This post summarizes recent activity at the Supreme Court in cases decided by the Federal Circuit.
- Two briefs in response to petitions were filed with the Court, the first by Comcast in Rovi Guides, Inc. v. Comcast Cable Communications, LLC, and the second by the government in Strand v. United States.
- One waiver of right to respond to the petition in Consumer 2.0, Inc. v. Tenant Turner, Inc. was filed with the Court by Tenant Turner.
- Lastly, the Supreme Court denied the petition for writ of certiorari in HZNP Finance Ltd. v. Actavis Laboratories UT, Inc.
Here are the details.
There is no new activity to report.
Two new briefs in response to petitions were filed with the Supreme Court.
In Rovi Guides, Inc. v. Comcast Cable Communications, LLC, Comcast filed its brief in opposition to the petition, contending that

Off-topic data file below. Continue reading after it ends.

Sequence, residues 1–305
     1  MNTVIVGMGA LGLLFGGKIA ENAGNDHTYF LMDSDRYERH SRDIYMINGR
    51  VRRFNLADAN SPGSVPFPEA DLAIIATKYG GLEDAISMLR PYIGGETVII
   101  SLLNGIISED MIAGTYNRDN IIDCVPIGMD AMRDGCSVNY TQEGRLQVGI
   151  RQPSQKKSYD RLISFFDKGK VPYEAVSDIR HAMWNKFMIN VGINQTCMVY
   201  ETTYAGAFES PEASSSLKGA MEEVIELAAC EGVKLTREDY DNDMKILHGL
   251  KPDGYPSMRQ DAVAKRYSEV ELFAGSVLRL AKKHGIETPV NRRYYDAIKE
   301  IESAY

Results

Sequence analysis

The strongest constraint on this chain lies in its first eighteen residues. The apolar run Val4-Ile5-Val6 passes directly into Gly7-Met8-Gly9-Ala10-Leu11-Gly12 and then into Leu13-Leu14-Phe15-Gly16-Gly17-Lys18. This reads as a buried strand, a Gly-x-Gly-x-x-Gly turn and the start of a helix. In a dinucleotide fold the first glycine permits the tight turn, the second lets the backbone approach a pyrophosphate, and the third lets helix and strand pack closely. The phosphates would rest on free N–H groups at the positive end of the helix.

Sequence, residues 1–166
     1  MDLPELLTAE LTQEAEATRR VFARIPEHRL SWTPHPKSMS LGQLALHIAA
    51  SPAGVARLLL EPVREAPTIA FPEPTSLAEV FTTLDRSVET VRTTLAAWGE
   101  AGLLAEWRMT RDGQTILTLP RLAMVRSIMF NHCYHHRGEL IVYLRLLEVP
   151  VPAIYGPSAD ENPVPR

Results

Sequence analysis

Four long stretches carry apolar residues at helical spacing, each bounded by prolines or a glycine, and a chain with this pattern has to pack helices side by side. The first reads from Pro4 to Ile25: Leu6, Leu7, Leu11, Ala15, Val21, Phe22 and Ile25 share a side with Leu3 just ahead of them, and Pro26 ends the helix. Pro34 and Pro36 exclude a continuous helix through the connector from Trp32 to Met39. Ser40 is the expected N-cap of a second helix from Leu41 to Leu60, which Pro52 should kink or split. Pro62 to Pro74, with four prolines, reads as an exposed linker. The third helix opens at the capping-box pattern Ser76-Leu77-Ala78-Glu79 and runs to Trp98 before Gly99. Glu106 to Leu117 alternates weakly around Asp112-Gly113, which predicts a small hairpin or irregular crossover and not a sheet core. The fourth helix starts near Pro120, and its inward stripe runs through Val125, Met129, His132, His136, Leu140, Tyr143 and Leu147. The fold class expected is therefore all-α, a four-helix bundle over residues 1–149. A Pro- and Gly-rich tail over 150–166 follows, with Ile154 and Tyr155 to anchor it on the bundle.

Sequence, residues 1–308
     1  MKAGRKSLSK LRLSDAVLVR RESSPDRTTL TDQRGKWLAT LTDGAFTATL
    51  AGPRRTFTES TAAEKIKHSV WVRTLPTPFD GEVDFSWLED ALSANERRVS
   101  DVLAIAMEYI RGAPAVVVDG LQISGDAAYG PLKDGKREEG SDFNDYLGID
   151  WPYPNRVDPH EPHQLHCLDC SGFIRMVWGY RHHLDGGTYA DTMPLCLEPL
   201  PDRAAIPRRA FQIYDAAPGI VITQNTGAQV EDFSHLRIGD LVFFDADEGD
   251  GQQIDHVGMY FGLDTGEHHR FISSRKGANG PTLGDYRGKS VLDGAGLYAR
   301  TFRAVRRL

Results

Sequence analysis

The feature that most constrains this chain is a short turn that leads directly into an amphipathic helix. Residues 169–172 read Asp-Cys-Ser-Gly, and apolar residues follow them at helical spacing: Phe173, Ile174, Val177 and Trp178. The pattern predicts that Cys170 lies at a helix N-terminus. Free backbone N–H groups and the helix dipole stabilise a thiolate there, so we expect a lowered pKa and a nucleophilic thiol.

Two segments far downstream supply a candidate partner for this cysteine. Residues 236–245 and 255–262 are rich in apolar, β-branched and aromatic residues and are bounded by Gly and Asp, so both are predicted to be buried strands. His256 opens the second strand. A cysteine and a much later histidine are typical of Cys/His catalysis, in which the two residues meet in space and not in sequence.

Rovi’s cross-petition should be denied because Rovi forfeited both the severability arguments it now seeks to raise in this Court, and its underlying Appointments Clause challenge. Comcast acknowledges that the Court may wish to hold the petition in an abundance of caution. Should the Court do so, Comcast respectfully submits that the proper ultimate disposition will be to deny certiorari, regardless of how the Court rules in Arthrex.
Petitioner contends  that the Secretary’s decision not to adjust petitioner’s service record must be set aside unless the Board’s recommendation to make such an adjustment was not supported by substantial evidence. The court of appeals correctly rejected that contention. And its decision does not conflict with any decision of this Court or of another court of appeals. Further review is unwarranted.
Waivers of Right to Respond
The Supreme Court denied the petition for writ of certiorari in HZNP Finance Ltd. v. Actavis Laboratories UT, Inc., which presented the question of “[w]hether the ‘basic and novel properties’ identified in connection with a patent claim’s transitional phrase ‘consisting essentially of’ must independently satisfy the requirements of 35 U.S.C. § 112, ¶ 2, of the Patent Act, and the accompanying ‘reasonable certainty’ standard set forth in Nautilus, Inc. v. Biosig Instruments Inc., 134 S. Ct. 2120 (2014).”